‘But what would you suggest instead?’ ask Inventory in the course of defending their often antagonistic project in the final issue of the eponymous journal the art-collective published between 1995 and 2005. ‘Make friends with the right people? Aim for a comfortable career? Aspire for affluence sufficient to eat regularly at St John? Is that all you want?’
While chiding one of London’s culinary institutions (famed for bony, offal-based cuisine – not to mention its cultured clientele) might be beyond the pale for some of this magazine’s more self-reckoning readers, the collusion of critique and near-comedic social-awareness captured in this editorial tit-bit is precisely what has made Inventory’s project since the mid-90s so interesting.
Inventory is a loosely associated group of writers, artists and theorists whose name comes from a quote contained within Walter Benjamin’s Moscow Diary (published in English in 1986): ‘the inventory of the streets is inexhaustible’. The group is currently guided by the efforts of two artists (though they prefer to be called heretics), Adam Scrivener and Paul Claydon, and advances a practical and theoretical notion of what they call ‘fierce sociology’. In accordance with this principal, Inventory’s work explores certain socio-cultural dimensions of the city, responding to the vicissitudes of consumer culture and high capitalism with a practice that, though slippery in overall ambition, is indubitably grounded in what we might call the ‘politics of space’.
The exhibition at Rob Tufnell, Inventory’s first solo show since a 2005 outing at White Columns, New York, comprised old and new work. At its centre was a large vitrine containing all 14 editions of the group’s aforementioned journal. With its no-frills design, porous editorial policy (ethnography, meta-fiction, theory – all welcome) and sustained hectoring of all things normative, Inventory clearly doffs a cap to Georges Bataille’s surrealist magazine Documents – published in Paris 15 times between 1929–30.
Bataille proposed Documents as ‘a war machine against received ideas’, an apt description of Inventory’s agenda, which was additionally represented here by finished art works in sculpture, print, photography, collage, video, as well as performance documentation.
Three Episodes in the Relentless Process of Decay (2003) is a set of found freezer doors installed as a triptych along one gallery wall. Scenes from Lascaux (another Bataille connection – he wrote a book about the cave paintings in 1955) have been attached with a Dremel-drill to the front of the first freezer, while a second – which faces the other way round – merely exposes the yellow patina of its ageing plastic insides. A final freezer door is smattered with sun-bleached teen stickers from the early 1990s. Moderately successful footballers (such as Gary Mabbutt in all his Tottenham Hotspur pomp), a Gladiators-era Ulrika Jonsson and various (possibly morally corrosive) images from Baywatch jostle and part imbricate on the freezer’s facade. This door, like the others, suggests Western culture’s entropic withering, at odds with the idea of the freezer itself, which attempts to temper time and the relentless decay of the work’s title.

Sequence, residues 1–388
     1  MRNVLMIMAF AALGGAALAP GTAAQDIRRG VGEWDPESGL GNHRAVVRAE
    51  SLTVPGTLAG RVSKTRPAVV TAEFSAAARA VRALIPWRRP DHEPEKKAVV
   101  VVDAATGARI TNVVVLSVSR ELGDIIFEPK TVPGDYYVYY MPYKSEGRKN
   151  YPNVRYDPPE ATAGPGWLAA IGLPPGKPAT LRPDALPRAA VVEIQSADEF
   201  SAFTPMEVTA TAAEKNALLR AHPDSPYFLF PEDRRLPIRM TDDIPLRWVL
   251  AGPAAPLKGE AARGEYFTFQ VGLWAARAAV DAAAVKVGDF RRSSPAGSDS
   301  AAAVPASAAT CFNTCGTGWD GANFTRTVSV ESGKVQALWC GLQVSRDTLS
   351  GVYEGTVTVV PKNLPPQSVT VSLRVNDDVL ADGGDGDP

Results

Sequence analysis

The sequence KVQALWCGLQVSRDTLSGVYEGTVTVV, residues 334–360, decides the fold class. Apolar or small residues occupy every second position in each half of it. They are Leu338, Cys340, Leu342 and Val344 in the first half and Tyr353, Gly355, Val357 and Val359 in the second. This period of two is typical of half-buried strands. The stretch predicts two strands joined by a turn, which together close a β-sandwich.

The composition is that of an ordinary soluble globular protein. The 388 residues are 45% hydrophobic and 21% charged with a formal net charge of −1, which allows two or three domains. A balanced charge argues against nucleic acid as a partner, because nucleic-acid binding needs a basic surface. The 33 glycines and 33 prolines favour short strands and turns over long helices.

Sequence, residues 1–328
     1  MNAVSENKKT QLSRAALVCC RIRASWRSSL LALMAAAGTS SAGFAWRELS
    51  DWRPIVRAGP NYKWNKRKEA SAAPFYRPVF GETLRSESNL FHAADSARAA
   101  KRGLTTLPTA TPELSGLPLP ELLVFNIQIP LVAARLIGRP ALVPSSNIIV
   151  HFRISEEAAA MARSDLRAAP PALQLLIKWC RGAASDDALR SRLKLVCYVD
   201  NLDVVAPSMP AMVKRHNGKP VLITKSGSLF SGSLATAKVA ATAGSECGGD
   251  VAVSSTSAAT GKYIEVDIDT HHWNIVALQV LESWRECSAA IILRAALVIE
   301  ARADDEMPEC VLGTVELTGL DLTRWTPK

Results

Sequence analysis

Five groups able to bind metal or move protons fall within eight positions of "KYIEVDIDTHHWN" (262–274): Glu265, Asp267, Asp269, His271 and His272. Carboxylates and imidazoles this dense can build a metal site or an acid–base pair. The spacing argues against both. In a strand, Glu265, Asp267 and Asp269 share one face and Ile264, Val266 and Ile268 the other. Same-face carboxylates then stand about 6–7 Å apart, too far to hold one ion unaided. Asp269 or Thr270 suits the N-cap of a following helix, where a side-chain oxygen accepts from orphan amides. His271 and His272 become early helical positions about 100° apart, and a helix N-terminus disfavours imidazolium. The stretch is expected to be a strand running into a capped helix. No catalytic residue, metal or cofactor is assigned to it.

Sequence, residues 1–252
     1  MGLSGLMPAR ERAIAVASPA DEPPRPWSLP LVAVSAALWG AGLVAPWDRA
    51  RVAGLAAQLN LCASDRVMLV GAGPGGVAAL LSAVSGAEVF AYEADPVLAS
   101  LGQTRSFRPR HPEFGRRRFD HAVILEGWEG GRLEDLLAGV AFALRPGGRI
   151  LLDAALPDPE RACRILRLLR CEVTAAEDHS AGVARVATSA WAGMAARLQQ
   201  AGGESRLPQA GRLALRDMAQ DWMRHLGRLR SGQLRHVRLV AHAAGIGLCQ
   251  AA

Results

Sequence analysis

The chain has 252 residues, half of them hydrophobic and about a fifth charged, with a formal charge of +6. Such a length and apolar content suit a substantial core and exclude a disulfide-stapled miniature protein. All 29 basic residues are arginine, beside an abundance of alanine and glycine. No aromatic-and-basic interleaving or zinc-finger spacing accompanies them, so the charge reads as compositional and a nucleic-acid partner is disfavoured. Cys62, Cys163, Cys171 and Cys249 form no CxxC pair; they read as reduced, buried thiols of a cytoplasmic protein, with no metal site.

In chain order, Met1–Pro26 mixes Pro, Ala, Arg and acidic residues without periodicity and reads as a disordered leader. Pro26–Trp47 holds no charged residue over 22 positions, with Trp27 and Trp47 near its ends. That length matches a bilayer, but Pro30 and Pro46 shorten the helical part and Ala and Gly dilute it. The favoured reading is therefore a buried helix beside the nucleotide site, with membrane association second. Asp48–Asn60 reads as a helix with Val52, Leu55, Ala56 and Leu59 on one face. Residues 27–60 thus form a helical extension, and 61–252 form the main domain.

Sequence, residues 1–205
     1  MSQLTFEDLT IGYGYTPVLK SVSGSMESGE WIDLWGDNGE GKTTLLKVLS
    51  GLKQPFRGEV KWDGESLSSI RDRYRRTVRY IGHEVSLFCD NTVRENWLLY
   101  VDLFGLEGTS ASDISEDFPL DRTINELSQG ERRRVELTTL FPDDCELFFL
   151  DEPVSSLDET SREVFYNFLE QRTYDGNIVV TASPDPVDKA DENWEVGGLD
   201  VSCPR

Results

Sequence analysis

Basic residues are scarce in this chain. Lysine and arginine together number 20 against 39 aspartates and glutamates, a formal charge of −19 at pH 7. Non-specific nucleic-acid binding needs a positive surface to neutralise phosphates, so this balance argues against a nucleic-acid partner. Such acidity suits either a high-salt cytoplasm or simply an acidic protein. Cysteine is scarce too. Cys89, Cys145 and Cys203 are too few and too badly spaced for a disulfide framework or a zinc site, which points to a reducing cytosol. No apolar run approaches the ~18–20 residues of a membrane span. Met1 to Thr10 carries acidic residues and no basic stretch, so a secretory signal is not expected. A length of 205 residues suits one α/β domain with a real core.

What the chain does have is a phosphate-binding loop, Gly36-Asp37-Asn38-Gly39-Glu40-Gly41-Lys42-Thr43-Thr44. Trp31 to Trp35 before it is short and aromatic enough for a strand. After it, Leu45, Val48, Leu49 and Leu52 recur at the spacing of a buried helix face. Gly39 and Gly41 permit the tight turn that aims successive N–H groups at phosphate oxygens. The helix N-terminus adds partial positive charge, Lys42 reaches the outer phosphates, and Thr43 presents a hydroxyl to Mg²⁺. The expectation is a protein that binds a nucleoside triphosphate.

An adjacent period Sony Trinitron monitor showed short excerpts from three earlier video works. The most compelling of these, Coagulum (Oxford Street) (2001), documents a proto-flash-mob-like public intervention organized by Inventory in the middle of a packed Central London record store. About ten people come together to form a rugby scrum-like arrangement on the busy shop floor. The pestiferous mass begins to turn, soon spinning wildly as security guards wrestle hopelessly with the flailing limbs at its peripheries and onlookers stare on, agog. All the while – most appropriately – ‘Closer to Me’, a cloying smash by insipid late-90s Brit boy band Five, blasts out of the store’s PA. It’s a mesmerizing scene, one no doubt enhanced by the brevity of the excerpt, which runs for just a few teasing seconds.
This show comes off the back of Inventory’s recent inclusion in major institutional group shows at Tate Britain (‘Ruin Lust’, 2014) and INIVA (‘Keywords’, 2013) and ahead of a new publication, The Counsel of Spent, which the ever-excellent London publisher Book Works will be releasing later this year. One might say that things are on the up for Inventory. Not that they would care, of course. Say, pass the bone marrow, won’t you?